Comments (6)

 
Mar 10, 2015 - 9:23am

Usually, large transactions have a consortium of banks advising both seller and buyer. These banks can be both BBs, EBs and others. Often it will be dependent on the relationship the senior banker has with the given firm.

What specifically do you want to know?

 
Mar 10, 2015 - 11:23am

As far as I know, most of the larger deals the due diligence process is outsourced. Big 4 accounting firms provide transaction services specifically for this.

This article is a good one, not to bash GS, but it's an interesting article never the less: http://www.nytimes.com/2012/07/15/business/goldman-sachs-and-a-sale-gone-horribly-awry.html?_r=0

When multiple banks advise on a M&A deal (i'm not sure about debt or IPOs), the lead bank (book runner) will prepare the CIM, and that bank would collect most of the fees. Other banks do little. So even though multiple banks may "share" a mandate, there's only one that's in charge.

In some cases there are co-leads, in which two banks do most of the work.

 
Best Response
Mar 10, 2015 - 12:40pm

I've worked at both a BB and an EB. Here are my tangenty thoughts:

The BB I worked at did a lot of capital markets deal to build relationships. These guys rely a lot on their balance sheet and building their network through lending / capital markets in hopes they will turn into M&A fees. Literally, when people go to a credit or debt committee, they factor in risked M&A fees. This company's wallet is X per year based on historic M&A transactions and their visions of growth in the future, we think we have a Y% chance of getting fees each year which equals $Z in total M&A fees over the loan/debt/product/etc. These fees plus capital market fees equal A and A divided by money lent shows our return. Let's lend them money! And it goes on and on until an MD get's rejected at committee because people know the client will never use their specific group for M&A and then someone gets fired over it depending on how hard said MD pounds the table. It's not a bad gig for a star banker to work at a BB to successfully execute capital markets transactions (i.e. building their relationship with C-Suite by showing their capabilities).

BB like the "one-stop-shop" approach to banking. Need debt? Here you go! Need equity? Here you go! Need M&A advice, here you go! How about hedging? How about equity research? Or, sadly,... you should do this M&A deal so we can make fees off of you for being your M&A advisor ($) and also for putting together debt ($$$) and equity ($$) packages.

So, to me, what the EB model offers is advice that is seemingly less biased and less conflicted. I think the eat what you kill mentality is also greater at EBs -- so their ideas are generally better and the caliber of people have seemed higher. The best products the EB offer is their advice. From my, very biased, experience, the MDs at EBs are hands on and involved; however, your MDs at a coverage group that play match maker between "their" client and product desks can be golfing 3 days a week and out 3 months during the summer because their revenue points just keep rolling in the door.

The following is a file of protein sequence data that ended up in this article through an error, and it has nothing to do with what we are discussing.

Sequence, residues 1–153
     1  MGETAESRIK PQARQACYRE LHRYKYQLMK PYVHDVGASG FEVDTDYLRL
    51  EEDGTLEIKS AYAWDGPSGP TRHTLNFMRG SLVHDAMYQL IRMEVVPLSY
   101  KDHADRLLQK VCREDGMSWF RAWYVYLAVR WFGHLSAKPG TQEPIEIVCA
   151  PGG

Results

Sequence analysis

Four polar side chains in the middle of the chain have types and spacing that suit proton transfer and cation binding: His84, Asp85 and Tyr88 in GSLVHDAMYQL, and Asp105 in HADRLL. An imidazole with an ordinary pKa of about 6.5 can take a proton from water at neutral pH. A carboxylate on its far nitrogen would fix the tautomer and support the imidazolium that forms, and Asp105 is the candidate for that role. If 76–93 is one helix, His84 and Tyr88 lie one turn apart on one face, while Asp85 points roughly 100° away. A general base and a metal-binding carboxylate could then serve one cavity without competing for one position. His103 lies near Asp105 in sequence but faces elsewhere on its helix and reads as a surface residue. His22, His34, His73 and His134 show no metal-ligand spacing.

All this to say BB vs. EB is less of a "BB do big deals and EB do small deals" to BB buys their way into deals sometimes and EB earn it. EB also parade around their lack of conflict; hire us to do the deal because you will only pay us for our advice.

Banks work together all the time. It doesn't always mean they share the work equally...

Example 1: Private Company Preparing for IPO
BB #1 leading company on IPO lead (and helping with a dual-track process per Board request behind the scenes)
BB #2 helping company on IPO (and leading a dual-track process per Board request)
EB #1: Sitting with board and advising board on performance of BB to keep them honest and helping in anyway they can on marketing materials, review, selection of syndicate, etc.

BB#1 does a lot of work on IPO because M&A process get's sh*t on due to unforseen events. BB1 & 2 agreed previously to share fees 50/50 regardless of outcome of dual-track (pursuing IPO as exit and sale as exit concurrently). BB#2 does virtually nothing substantive.

Example 2: Giant Company Buys Market Leader in Growing Segment
BB #1: Pitches 231 times this exact deal to Giant Company
BB #2: Has a brand name and great relationship with board of Giant Company; but deal team hates them

Giant Company does deal with BB#2; gives BB#1 M&A cred and some fees because it was a good idea and they hate working BB#2. Next giant deal goes directly to BB#1 and BB#2 goes on other side. BB#2 would normally have been added as backup to "help" (retain relationship); however, they were conflicted as they already got mandated as sell-side advisor to new target.

Example 3: Company Divestiture Process
Different BBs and EBs get hired to sell different divisions of a company needing to clean up their business plan.

Example 4: We Can't Sell this Sh*t
BB#1 goes to market, sells half a business
EB#1 says, we can do it... BB#1 brought on board to help EB#1 as they've already been through process and there is a bit of "transitioning" going on.

I said a lot but probably didn't make any sense... hopefully it helped?

 
Mar 10, 2015 - 2:27pm
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